Again, this isn’t about a legalistic set of rules that you need to follow in order to call yourself a minimalist. Everyone’s capsule will be different, because we don’t all have the same lifestyle. Nor do we all have the same tastes in clothes. That being said, I will give you some guidelines and ideas for creating your own capsule wardrobe, but you need to make it your own. Please, please, PLEASE don’t just copy what I say. Figure out what works for you. What will make your life easier.
Don’t worry so much about what other people are doing. (I know that it’s hard!) If you feel like you really don’t know what will work best for you, it is fine to adopt someone else’s methods initially. BUT, be willing to make changes as you figure out what does and does not work once you’ve put the method into practice.
Step 1: Go Through Your Clothes
Take all of your clothes out of your closet and drawers. Yes, ALL of it. Put it all on your bed then try everything on. Put anything you love and wear all the time back in your closet or dresser. For everything else, decide if each item currently fits you well, flatters your body shape, makes you feel good, and the color looks good on you. Use your answers to these questions to divide your clothes into three piles. One pile to throw away (for items that are worn out, ripped, or stained), one pile to donate/sell, and one pile of things you like.
Step 2: Choose Your Base Colors
Use the clothes you love and wear frequently to determine what the base color(s) of your wardrobe should be. These are your neutrals. You can choose black or navy. Look at what you tend to wear to make sure that the base color you choose is what looks good on you.
Once you’ve selected one of these, choose complementary base colors. If you chose black, your complementary base colors will likely by white and grey. If you chose navy, your complementary base colors could be beige and cream.
From your “like pile”, select solid-color pieces that are the base colors you selected and put them back in your closet or drawers.
Step 3: Choose Your Accent Colors
Choose 2 or 3 colors that coordinate with your base colors (and preferably each other). These are the colors you love to wear because you find them beautiful. AND they look good on you. If you like a lot of colors, you can choose accent colors based on the season as well.
From your “like pile”, select solid-color pieces that are the accent colors you selected and put them back in your closet or drawers.
Step 4: Add in Texture and Pattern
Are there certain patterns you love? Do you love feminine patterns and textures like lace and floral? Or do you love geometrical patterns like strips? Select clothing you have in your “like pile” that are either a base color or accent color you chose but have some sort of texture or pattern to them. Put these back in your closet or drawers. This will help your smaller wardrobe stay fun and interesting to you.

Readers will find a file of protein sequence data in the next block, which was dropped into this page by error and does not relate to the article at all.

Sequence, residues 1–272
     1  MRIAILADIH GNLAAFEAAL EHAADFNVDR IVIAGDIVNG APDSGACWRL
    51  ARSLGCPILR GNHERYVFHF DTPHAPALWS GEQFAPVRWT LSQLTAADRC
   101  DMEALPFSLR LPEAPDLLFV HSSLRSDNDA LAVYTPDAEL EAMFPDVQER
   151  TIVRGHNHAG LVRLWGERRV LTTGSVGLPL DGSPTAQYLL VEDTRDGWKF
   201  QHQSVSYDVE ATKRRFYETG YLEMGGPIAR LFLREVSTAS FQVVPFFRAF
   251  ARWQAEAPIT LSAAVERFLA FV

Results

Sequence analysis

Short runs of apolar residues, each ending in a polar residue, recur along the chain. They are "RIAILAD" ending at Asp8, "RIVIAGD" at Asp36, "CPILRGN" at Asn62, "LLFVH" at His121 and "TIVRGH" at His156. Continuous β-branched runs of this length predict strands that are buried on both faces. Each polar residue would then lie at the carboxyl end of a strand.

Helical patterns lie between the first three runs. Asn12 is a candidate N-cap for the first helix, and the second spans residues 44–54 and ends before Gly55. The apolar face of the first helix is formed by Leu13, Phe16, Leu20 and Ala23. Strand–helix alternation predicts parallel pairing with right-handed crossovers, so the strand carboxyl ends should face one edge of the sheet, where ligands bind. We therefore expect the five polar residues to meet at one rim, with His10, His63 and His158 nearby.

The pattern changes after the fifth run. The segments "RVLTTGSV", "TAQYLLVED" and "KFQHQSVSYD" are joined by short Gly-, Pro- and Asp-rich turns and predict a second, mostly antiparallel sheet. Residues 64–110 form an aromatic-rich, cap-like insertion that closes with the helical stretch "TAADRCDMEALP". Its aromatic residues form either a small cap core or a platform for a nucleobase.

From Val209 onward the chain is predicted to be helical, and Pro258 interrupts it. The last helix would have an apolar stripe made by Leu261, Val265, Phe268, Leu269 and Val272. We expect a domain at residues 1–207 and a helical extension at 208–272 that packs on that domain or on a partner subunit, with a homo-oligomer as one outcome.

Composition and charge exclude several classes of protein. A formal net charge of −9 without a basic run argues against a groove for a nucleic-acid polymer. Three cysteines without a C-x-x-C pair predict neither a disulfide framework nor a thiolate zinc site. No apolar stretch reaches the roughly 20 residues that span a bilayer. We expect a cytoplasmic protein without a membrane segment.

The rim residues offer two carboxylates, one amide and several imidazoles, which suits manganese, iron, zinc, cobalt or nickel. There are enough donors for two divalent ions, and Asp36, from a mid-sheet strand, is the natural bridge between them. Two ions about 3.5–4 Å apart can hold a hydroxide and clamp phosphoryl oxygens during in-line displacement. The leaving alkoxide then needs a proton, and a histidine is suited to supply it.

Step 5: Shop For What’s Missing
Look at everything you put back in your closet and drawers and take inventory. Keep in mind your lifestyle and preferences when doing this. For example, if you almost never need to wear a dress, having only one or two dresses to choose from might be sufficient. If you are a stay-at-home parent, you will probably have mostly comfy clothes for hanging out at home.
Say you work outside the home where you need to dress business casual. You will probably need at least two blazers, several dressy tops, and a few dress pants or skirts.
If you are missing some of your necessary items, it’s time to go shopping! Simply shop for your missing items in the base or accent colors you decided on to ensure your new clothing will coordinate with other items in your wardrobe. If you find something at the store that can’t be worn with at least three other items in your wardrobe, it probably isn’t versatile enough. So it won’t get enough use to be worth the purchase.
Also, remember you are shopping for quality and classic clothing. You want to select clothing that will last longer AND isn’t a trend that will likely go out of fashion in the near future.
If you haven’t already, get my free ebook: How to Create a Capsule Wardrobe That Works for You!
Capsule Wardrobes Maintenance
So, you have a capsule wardrobe…what now? When the season changes, you simply take out items that won’t work (say, a heavy sweater) and replace it with items that are seasonally appropriate (say, a light blouse). Just keep the base colors the same from season to season, and you can change out your accent colors if you want.
Once you create your first capsule wardrobe, the rest is SO easy! The hardest part, really, is clearing your closet of what isn’t as valuable. After that, it’s just maintenance. When something gets worn out or stops fitting you well, you replace it. At the change of a season, swap out seasonally inappropriate items. Something isn’t working the way you thought? Change it!
After I made my first capsule wardrobe in the spring, there were a couple of items I NEVER wore. I donated those and now my spring capsule is even more pared down! After wearing my summer capsule, there were some items that didn’t go with enough of my other clothes. I plan to replace them with more versatile clothing next summer.
So, you learn and make changes as you go. You might be like me and find that your wardrobe could be even smaller and not feel restrictive. Or, you might find that you got bored with what your wardrobe and would like to have more variety. If that’s the case, you might have a higher number of clothing items than me. And that’s a-okay. 😉
Does having a capsule wardrobe sound appealing to you? If so, what holds you back? Share with us in the comments!